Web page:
© Copyright Policy
Related In: Results  -  Collection

License
Show All Figures
getmorefigures.php?uid=PMC4116237&req=5

pone-0103826-g001: Present-day reported distribution of the currently recognized species (A) A. armata (A) and (B) A. taxiformis.Black symbols stand for morphological identification alone. Colored symbols are used to indicate different mitochondrial molecular lineages when known. Blank triangles report bibliographic data and filled circles indicate data obtained from the present study [3], [13].
Mentions: Figures 1a and 1b depict present-day reports of the taxa described as A. taxiformis and A. armata. Some of these reports are not associated with taxonomic studies and misidentification between the two taxa may have occurred. Despite existing inventories and previous detailed studies (Figure 1, see Table S1 for details and references), only a limited amount of molecular data is available. Data tend to be restricted to some regions with very little information on the Indo-Pacific region, even though this region has been recognized as a likely diversification center [38]–[40]. The maps in Figure 1 show that some areas were overlooked. In particular, in New Caledonia only one individual has been sampled in the Southwest lagoon (2002, Passe Mato). Also, in a number of cases, reports from the Indo-Pacific are not associated with molecular identification, so that doubts persist as to the taxa and lineages currently present in the area. For example, Catala reported in 1950 the presence of A. armata in New Caledonia based on Valerie May's identification [41], but in the absence of herbarium vouchers, this identification cannot be confirmed. Likewise, in the southwestern Indian Ocean where A. taxiformis has been reported [22], morphological or molecular data are lacking.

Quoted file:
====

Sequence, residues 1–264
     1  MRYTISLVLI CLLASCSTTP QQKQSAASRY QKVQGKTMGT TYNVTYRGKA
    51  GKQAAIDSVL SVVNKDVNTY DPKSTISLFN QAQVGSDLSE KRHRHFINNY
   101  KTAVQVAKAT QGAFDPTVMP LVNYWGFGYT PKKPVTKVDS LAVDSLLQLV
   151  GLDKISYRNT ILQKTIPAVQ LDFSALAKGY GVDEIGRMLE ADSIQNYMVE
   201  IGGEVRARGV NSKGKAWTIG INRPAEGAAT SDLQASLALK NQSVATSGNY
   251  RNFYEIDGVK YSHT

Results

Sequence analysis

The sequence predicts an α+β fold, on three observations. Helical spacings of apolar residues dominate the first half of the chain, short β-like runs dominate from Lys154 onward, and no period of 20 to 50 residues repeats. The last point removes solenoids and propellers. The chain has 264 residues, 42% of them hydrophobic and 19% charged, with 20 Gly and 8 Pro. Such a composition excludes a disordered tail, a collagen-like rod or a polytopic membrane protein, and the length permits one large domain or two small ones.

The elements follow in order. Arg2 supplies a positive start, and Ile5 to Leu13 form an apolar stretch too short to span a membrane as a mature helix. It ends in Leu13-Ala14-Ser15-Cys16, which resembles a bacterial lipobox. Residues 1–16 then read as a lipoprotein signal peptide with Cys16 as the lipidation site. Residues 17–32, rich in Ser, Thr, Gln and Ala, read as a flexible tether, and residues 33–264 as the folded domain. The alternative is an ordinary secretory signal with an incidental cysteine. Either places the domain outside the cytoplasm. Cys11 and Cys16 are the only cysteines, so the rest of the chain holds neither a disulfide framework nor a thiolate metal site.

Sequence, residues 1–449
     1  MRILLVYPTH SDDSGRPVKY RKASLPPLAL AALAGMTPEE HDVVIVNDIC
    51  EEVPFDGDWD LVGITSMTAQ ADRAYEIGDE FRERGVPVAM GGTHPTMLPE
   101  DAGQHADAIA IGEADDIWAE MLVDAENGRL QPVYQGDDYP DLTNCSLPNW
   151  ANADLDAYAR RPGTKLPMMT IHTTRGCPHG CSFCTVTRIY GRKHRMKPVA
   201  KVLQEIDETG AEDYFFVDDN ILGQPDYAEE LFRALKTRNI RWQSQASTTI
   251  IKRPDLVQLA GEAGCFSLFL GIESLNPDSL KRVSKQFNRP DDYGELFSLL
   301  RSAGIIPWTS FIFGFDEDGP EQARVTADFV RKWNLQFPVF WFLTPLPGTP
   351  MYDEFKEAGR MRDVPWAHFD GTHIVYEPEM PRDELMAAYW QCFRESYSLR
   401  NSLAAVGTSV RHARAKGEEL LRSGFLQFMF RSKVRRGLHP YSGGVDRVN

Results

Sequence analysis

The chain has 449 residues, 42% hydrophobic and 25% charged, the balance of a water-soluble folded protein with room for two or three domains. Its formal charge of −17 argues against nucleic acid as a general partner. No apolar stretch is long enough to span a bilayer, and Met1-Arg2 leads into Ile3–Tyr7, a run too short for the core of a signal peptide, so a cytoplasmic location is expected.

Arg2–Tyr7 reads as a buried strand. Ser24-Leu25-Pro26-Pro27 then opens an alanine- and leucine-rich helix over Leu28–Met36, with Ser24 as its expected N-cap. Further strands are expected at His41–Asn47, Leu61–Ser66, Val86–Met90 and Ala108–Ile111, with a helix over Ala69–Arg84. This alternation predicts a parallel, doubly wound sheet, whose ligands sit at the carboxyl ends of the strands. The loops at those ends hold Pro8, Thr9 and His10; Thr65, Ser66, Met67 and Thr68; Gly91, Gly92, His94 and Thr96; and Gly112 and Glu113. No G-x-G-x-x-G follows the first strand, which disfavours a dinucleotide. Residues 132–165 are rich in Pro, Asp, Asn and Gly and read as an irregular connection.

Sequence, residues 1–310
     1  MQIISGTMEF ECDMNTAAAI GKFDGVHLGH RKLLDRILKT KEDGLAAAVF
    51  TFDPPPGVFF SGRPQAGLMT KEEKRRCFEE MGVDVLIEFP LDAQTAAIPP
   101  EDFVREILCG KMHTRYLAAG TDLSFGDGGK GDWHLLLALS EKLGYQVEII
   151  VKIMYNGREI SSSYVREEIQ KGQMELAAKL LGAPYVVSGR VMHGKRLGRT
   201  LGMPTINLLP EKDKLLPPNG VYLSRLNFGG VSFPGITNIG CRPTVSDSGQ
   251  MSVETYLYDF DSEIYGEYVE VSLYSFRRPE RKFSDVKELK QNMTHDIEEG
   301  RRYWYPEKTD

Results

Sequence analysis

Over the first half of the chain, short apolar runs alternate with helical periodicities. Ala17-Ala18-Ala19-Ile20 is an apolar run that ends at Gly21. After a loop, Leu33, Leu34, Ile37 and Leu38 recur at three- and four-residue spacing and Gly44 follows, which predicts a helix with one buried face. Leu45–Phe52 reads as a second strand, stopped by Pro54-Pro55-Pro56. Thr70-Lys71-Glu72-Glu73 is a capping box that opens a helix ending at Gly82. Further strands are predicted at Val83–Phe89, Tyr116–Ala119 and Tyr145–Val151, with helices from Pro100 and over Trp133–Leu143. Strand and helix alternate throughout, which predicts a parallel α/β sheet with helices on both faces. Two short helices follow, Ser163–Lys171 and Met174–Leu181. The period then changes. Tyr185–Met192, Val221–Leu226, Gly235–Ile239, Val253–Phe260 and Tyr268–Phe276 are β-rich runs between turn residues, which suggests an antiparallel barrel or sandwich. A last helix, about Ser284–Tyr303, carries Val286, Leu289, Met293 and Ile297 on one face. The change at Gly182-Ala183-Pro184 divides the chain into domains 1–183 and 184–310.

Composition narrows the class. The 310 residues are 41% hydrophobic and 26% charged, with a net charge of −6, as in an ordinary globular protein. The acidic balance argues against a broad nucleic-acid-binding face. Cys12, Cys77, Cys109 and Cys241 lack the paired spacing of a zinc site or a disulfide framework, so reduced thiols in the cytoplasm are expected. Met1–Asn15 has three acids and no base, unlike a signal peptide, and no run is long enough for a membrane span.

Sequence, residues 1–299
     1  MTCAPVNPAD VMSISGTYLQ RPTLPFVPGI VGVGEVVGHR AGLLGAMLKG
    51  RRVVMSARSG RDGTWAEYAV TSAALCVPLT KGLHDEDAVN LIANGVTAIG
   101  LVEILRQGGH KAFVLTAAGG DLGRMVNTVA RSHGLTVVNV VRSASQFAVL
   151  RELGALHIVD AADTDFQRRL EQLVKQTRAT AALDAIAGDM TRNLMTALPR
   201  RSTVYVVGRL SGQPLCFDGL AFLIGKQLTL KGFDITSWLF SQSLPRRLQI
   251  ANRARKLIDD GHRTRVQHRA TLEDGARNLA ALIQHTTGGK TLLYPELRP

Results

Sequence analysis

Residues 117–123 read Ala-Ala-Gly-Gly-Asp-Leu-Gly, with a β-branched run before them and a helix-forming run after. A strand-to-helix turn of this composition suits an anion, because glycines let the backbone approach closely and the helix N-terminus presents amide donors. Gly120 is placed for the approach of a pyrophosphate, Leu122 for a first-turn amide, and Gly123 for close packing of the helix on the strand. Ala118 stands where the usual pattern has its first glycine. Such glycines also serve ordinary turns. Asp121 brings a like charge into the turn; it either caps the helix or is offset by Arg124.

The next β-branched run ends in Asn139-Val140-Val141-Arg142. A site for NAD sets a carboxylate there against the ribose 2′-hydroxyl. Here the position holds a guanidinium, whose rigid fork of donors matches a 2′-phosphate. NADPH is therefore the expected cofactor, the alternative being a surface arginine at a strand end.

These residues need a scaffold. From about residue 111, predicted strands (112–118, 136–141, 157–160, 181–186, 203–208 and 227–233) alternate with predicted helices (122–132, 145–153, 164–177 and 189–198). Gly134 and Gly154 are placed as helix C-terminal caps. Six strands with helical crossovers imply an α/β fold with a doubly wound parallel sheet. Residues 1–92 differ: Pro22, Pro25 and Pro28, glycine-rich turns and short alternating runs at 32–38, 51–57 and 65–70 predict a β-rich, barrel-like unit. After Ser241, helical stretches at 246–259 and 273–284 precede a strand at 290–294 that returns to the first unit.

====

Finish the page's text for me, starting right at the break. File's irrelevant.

Bottom Line: This clade was found only in Western Australia, Tasmania and New Zealand, and is thus restricted to a subregional biogeographic unit.These results illustrate the difficulty in accurately defining cosmopolitan species.Our findings also highlight the need for targeted (i.e., in poorly studied areas) and geographically extensive sampling efforts when studying taxa that have been introduced globally and that are likely to hide species complexes.

View Article: PubMed Central - PubMed

Affiliation: Institut de Recherche pour le Développement (IRD), UR227 CoRéUs-LabEx-CORAIL, Noumea, New Caledonia; Sorbonne Universités, Université Pierre et Marie Curie (UPMC) Univ Paris 06, UMR 7144, Station Biologique de Roscoff, Roscoff, France; Centre National de la Recherche Scientifique (CNRS), UMR 7144, Divco team, Station Biologique de Roscoff, Roscoff, France.